The Henderson County (NC) Sheriff’s office has been publishing its newsletter, The Guardian, for about two years. Sheriff Charles McDonald says it’s a way to, “Keep the community up to speed and educated about who we are and what we’re doing in the community.”
On Feb. 6, the sheriff’s office released the February edition (found here) without much fanfare, initially.
The post began to gain traction on Feb. 21 on the sheriff’s Facebook page, garnering 20 shares and more than 30 new comments. That Facebook post has since been taken down.
The first two paragraphs from the newsletter are as follows:
Rule of Law? We don’t need no stinking law!” This seems to be the message of those “protestors” destroying businesses and property while restricting free speech and interfering with the rights of fellow citizens to peacefully drive or walk on public streets or byways. What entitles them to scream vulgarities and to physically attack and ridicule those who dare question their myth-based, passion-inflamed, anarchist ideology? Well, they don’t like what they don’t like, regardless of how or why it happened.
They are like a child playing a board game. Gleeful at the prospect of winning but impetuously overturning the table and throwing a tantrum when faced with the prospect of losing. No nation or community can enjoy a peaceful existence when the Rule of Law is cast aside for no other reason than an election didn’t yield the results that some people hoped for. A nation that cannot subjugate itself to the laws established for the security and governance of its people, especially when those laws were established by its people, will not be able to provide peace and security for its people. Such a nation would be in great danger of forfeiting its own liberty to the angry passions of misguided rebellion founded in ignorance and oblivious to the righteous constraints afforded us all by the Rule of Law.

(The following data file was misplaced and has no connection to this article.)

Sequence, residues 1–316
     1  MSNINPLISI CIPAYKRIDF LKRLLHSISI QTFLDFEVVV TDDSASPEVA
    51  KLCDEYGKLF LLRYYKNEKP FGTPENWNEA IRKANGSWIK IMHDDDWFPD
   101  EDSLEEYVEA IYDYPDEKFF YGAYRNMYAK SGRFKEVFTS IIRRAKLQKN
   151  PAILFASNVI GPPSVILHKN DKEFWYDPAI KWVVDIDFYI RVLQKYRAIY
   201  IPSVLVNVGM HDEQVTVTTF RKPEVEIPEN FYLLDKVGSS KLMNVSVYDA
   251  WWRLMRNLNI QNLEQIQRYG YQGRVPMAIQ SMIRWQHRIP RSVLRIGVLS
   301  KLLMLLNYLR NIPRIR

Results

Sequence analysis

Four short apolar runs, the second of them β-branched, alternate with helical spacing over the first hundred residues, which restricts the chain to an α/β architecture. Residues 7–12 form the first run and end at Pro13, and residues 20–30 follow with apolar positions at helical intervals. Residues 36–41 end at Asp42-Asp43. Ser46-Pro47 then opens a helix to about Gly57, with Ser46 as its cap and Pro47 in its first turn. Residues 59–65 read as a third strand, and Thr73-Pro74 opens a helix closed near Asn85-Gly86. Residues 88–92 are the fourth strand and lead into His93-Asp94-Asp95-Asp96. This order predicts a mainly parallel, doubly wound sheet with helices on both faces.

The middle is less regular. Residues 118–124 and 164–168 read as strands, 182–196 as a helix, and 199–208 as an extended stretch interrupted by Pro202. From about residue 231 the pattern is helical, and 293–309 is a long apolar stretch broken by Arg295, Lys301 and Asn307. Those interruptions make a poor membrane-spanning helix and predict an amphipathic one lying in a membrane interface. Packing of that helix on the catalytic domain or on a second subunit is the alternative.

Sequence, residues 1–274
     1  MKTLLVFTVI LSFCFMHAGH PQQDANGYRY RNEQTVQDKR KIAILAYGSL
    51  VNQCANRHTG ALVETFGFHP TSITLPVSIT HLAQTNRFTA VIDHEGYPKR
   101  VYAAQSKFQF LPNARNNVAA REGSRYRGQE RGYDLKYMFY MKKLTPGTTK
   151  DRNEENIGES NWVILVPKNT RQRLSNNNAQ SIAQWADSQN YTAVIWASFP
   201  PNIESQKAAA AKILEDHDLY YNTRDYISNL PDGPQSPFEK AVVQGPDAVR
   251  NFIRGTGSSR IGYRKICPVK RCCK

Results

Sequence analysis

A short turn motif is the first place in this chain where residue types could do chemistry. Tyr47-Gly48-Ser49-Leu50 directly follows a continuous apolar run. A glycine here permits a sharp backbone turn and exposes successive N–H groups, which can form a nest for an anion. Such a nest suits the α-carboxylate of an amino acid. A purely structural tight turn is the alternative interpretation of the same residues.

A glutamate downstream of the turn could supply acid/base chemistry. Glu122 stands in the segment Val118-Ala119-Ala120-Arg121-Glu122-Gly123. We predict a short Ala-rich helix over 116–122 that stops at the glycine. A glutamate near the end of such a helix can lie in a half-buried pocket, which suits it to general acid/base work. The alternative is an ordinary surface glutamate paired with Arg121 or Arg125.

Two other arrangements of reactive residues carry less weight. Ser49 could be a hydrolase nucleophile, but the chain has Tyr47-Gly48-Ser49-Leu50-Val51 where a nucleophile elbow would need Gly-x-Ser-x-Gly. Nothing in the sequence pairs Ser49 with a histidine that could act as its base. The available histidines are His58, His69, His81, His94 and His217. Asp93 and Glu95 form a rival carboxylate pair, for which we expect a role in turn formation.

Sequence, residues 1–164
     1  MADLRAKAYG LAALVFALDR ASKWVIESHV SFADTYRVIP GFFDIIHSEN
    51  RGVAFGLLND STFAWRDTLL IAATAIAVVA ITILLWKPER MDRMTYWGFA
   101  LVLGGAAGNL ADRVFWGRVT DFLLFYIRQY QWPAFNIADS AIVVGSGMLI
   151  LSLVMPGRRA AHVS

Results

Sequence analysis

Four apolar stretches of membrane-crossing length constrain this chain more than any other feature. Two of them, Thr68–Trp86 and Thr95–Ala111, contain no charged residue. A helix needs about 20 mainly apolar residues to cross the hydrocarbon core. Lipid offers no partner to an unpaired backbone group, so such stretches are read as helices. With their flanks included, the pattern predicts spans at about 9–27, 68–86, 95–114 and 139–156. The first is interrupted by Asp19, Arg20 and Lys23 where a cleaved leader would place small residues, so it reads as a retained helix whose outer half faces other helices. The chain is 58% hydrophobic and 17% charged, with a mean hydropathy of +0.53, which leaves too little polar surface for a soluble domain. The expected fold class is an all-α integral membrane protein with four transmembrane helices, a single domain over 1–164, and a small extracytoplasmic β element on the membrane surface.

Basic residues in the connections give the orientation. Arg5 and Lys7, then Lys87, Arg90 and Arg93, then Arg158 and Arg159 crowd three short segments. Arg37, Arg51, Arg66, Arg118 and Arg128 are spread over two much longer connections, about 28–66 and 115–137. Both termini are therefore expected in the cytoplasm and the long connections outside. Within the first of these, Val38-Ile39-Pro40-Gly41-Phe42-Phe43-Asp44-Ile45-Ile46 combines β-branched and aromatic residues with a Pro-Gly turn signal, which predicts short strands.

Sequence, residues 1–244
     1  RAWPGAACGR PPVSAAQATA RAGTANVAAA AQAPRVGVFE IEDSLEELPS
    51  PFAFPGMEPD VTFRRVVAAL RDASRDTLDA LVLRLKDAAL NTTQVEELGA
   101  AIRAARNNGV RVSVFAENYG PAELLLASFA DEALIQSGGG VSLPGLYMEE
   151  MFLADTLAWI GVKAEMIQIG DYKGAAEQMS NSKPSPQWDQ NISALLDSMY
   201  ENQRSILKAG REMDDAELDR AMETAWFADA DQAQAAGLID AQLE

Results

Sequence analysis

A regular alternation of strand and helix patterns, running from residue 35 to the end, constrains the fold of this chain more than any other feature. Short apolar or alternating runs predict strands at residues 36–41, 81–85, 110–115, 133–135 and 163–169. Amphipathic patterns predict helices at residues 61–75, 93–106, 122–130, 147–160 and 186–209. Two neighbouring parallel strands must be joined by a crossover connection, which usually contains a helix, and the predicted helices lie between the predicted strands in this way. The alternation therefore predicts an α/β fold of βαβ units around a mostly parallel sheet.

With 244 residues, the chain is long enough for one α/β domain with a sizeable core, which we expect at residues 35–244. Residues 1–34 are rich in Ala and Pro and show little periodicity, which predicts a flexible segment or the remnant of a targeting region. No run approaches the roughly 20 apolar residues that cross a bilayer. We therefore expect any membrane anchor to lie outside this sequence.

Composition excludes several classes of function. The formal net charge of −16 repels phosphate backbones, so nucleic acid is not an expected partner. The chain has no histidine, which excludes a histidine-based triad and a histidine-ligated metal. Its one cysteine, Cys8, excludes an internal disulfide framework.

Some residents who read the letter supported the sheriff’s message, but others responded with questions and criticisms, believing the sheriff was condemning local and national protests, such the Women’s March.
But the sheriff says this was not his intent.
“I support anybody’s right to protest peaceably and within the context of the laws and the constitution, but that whole article was written, as it says in the first line, about people that were destroying businesses and vandalizing property,” McDonald says.
The sheriff says this letter was written in response to protests that turned violent in Berkeley, California, a few days prior. But, Berkeley was never mentioned in the letter.
C.C. Blackburn, an activist and resident of Hendersonville, believes the letter wasn’t specific enough to draw that conclusion.
“I don’t think he left anything to misinterpretation,” Blackburn says. “It was very clear what his feelings are, what his stand is, and he feels that people shouldn’t be questioning what’s going on right now.”
The sheriff did note that, perhaps, his language could have been more specific.
Other comments questioned the sheriff’s decision to post his opinions in such a public manner.
“When I first saw and read it, I thought, ‘what is this off his blog or is this someplace, is this private?’ And then I realized it was in a public newsletter. And a public newsletter coming from the sheriff’s office. And I was, baffled,” Blackburn says.
In response, McDonald says, “Yeah, I don’t think it’s my job to impose anything, but that is my newsletter.”